The cost of political posturing (The Hindu)
Mains Paper 2: International Relations
Prelims level: Political posturing
Mains level: Effect of policies and politics of developed and developing countries on India’s interests, Indian diaspora
- U.S. President has turned the screws tight of his country’s immigration system by announcing a hike in the salaries for those arriving in the U.S. on H-1B or skilled-worker visas.
- This is expected to cut visa applications by around 33%, according to experts.
- And it comes as only the latest White House rule following executive actions that earlier banned the issuance of new skilled worker visas and new green cards.
- The question that these policy changes beg is, how much of the motivation for them is pure economic rationale versus political value for the incumbent’s final stages of election campaigning?
Slashing the import of services:
- It would not be unreasonable to expect that the visa issuance ban, combined with the mandatory salary floor soon to be instituted, will seriously hit U.S. imports of services from India.
- Value of imports is estimated to be at $29.6 billion in 2018, 4.9% more than in 2017, and 134% more than 2008 levels.
- The skilled visa issuance picture has been a positive one to date.
- The U.S. Citizenship and Immigration Services has been issuing 85,000 H-1B visas annually, of which 20,000 are given to graduate students and 65,000 to private sector applicants.
- Approximately 70% of which are granted to Indian nationals.
- The Migration Policy Institute has predicted that Mr. Trump’s June 22, 2020 ban on new H-1B visa issuance could impact up to 219,000 workers.
- These workers would effectively be blocked from taking up any potential jobs on offer in the U.S. going forward.
- But how likely are firms, including the Silicon Valley tech giants, to embark on recruitment drives at this economically depressed time in the wake of the COVID-19 pandemic?
- Unemployment in the U.S. peaked in the summer and has fallen for the fifth consecutive month since then.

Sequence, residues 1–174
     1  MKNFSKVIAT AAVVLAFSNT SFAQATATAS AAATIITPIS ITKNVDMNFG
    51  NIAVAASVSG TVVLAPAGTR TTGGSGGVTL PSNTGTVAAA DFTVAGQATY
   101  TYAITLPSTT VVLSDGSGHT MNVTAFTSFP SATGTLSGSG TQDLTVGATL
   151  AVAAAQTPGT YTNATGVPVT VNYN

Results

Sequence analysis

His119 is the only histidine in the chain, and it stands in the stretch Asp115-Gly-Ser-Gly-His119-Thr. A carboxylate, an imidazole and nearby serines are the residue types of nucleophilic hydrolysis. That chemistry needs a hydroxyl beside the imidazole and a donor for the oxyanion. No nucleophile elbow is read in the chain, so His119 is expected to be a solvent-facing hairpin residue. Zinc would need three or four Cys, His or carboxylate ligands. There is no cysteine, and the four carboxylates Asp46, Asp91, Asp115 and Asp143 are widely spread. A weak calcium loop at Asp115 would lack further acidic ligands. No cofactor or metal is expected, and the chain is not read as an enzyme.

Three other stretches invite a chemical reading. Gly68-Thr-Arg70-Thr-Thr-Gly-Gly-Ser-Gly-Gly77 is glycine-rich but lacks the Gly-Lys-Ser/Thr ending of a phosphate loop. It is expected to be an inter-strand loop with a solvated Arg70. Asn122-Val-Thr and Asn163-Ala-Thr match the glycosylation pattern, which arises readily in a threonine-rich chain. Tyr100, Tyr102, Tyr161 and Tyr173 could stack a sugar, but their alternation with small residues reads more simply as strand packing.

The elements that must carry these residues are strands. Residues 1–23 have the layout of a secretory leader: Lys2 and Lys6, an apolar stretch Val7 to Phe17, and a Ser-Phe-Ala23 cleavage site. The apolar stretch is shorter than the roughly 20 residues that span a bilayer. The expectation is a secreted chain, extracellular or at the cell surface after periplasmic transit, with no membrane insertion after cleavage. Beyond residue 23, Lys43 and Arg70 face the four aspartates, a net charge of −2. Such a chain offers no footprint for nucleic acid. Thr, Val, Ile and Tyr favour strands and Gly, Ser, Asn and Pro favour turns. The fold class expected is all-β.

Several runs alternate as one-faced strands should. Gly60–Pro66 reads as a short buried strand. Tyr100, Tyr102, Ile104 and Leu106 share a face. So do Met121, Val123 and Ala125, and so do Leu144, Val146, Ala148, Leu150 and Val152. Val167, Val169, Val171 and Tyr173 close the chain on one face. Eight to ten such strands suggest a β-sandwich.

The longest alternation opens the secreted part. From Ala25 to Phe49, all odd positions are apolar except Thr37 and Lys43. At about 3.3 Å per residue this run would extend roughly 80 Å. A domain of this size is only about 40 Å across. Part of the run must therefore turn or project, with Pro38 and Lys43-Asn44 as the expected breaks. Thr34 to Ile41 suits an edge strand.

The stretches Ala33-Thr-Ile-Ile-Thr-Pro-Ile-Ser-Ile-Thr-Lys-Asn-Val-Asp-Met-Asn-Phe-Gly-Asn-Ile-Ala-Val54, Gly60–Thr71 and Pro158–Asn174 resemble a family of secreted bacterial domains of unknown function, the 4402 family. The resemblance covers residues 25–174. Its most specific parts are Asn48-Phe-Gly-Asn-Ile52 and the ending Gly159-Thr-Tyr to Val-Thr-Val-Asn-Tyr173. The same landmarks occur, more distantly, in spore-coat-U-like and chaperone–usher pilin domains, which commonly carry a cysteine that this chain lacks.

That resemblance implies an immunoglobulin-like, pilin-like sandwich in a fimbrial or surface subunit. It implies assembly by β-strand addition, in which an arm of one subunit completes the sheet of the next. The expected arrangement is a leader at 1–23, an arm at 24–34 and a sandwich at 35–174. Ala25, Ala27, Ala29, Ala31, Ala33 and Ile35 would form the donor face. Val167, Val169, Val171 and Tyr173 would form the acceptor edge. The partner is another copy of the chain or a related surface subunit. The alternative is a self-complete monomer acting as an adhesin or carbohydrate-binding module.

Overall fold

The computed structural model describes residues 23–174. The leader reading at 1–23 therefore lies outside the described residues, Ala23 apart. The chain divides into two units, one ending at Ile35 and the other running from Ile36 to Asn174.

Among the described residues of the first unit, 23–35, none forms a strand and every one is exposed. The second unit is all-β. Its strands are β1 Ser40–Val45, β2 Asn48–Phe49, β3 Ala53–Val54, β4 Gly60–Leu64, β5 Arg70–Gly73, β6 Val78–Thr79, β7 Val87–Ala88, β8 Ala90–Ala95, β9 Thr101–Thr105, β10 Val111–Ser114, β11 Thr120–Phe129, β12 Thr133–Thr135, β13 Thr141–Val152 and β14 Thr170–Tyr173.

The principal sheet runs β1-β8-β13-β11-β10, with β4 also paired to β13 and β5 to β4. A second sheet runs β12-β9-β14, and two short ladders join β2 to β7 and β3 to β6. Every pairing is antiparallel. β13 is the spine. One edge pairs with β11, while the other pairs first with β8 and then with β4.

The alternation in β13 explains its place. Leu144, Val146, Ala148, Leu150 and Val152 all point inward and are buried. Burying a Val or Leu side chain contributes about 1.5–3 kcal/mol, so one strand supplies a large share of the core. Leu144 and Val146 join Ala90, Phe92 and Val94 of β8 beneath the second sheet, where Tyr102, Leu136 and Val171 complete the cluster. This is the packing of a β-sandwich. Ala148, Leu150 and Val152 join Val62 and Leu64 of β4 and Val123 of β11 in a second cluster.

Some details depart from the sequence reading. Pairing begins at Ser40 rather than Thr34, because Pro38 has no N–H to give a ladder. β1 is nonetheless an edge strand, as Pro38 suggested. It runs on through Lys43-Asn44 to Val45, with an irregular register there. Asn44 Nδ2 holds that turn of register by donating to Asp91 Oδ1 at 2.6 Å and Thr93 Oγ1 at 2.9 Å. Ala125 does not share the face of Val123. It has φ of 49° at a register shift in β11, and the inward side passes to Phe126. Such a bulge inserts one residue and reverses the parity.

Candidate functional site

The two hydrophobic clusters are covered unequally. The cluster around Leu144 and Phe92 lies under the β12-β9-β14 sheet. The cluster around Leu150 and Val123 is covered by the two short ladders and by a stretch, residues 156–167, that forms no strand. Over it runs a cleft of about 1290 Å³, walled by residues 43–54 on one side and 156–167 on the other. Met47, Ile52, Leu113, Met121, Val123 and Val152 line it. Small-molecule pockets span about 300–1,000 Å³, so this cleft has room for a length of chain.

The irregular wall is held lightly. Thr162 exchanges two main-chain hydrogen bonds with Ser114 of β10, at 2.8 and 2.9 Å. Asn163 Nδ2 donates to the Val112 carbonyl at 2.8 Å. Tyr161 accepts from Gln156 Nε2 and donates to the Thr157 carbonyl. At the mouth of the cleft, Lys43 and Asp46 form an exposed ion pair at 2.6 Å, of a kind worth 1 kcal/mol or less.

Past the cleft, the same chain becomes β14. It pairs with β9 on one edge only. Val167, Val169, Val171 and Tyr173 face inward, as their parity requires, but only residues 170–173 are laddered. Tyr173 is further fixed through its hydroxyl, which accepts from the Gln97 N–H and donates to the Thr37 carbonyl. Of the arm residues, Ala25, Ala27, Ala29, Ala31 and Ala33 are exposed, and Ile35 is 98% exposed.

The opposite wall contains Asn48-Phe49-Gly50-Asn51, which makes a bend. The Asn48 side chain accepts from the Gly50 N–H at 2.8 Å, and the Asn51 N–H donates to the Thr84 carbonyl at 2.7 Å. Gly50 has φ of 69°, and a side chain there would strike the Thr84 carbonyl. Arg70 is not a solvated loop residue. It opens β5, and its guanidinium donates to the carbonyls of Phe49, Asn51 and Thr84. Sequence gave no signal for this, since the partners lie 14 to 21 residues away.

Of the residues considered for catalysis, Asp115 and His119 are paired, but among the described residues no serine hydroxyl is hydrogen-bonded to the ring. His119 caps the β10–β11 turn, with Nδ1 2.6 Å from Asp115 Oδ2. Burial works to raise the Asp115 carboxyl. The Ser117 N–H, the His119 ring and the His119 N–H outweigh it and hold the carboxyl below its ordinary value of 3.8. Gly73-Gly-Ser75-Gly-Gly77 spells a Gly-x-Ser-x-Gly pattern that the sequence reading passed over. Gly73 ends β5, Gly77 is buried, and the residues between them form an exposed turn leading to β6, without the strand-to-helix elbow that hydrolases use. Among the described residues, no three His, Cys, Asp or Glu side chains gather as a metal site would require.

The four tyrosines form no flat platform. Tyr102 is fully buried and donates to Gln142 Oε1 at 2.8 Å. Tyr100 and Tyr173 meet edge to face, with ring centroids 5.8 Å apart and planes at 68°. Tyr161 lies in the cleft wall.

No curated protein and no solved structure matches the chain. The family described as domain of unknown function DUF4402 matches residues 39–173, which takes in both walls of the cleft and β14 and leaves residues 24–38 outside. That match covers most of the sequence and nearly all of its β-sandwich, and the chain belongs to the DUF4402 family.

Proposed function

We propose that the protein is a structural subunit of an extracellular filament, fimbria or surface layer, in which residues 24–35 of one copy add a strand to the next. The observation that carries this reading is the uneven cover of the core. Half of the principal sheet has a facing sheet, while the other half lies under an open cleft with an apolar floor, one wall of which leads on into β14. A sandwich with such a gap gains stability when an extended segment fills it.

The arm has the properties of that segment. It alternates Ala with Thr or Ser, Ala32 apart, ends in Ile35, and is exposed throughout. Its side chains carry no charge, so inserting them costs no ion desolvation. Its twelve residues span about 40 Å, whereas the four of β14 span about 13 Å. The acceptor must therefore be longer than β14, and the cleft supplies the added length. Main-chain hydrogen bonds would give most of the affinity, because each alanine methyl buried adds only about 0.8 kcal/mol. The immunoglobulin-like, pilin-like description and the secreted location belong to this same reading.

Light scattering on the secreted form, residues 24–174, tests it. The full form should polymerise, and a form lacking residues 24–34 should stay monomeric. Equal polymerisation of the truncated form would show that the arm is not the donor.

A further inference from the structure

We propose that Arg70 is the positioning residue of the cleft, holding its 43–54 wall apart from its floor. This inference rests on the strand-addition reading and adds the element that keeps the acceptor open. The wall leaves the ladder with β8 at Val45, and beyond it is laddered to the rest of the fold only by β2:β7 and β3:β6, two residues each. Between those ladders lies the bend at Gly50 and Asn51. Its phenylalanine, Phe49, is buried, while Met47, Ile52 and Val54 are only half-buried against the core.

- The latest figures suggest that both the unemployment rate and the number of unemployed people remain substantially higher than the pre-pandemic values in February 2020.
- Even so, it is important to distinguish between the ban on new visa issuance and the Labour Department rule that would insist on higher salaries being paid to all H-1B visa workers in the U.S.
- Under the latter rule, assuming it stands the test of time and inevitable litigation, companies would be required to pay entry-level staff in the 45th percentile of their industry’s salary instead of the 17th percentile.
- For high-skilled workers, the rise would be from the 67th to the 95th percentile.
- Speaking of litigation, a federal judge in the Northern District of California blocked the enforcement of the new visa ban, ruling that the President “exceeded his authority” under the U.S. Constitution.
- Driving that legal challenge to the White House proclamation was a swathe of U.S. manufacturing and industry associations.
- In a similar vein, Google CEO Sundar Pichai hit out at the ban, saying, “Immigration has contributed immensely to America’s economic success, making it a global leader in tech, and also Google the company it is today.
- Disappointed by today’s proclamation — we’ll continue to stand with immigrants and work to expand opportunity for all.”
- Tesla CEO Elon Musk and Apple CEO Tim Cook echoed similar sentiments.
Q.1) With reference to the Association of World Election Bodies (A-WEB), consider the following statements:
1. It is largest association of Election Management Bodies (EMBs) worldwide.
2. At present A-WEB has 115 EMBs as Members & 16 Regional Associations/Organisations as Associate Members.
Which of the statements given above is/are correct?
(a) 1 only
(b) 2 only
(c) Both 1 and 2
(d) Neither 1 nor 2
Q.1) Describe the implications on India of the recently salary hike in the U.S. on H-1B or skilled-worker visas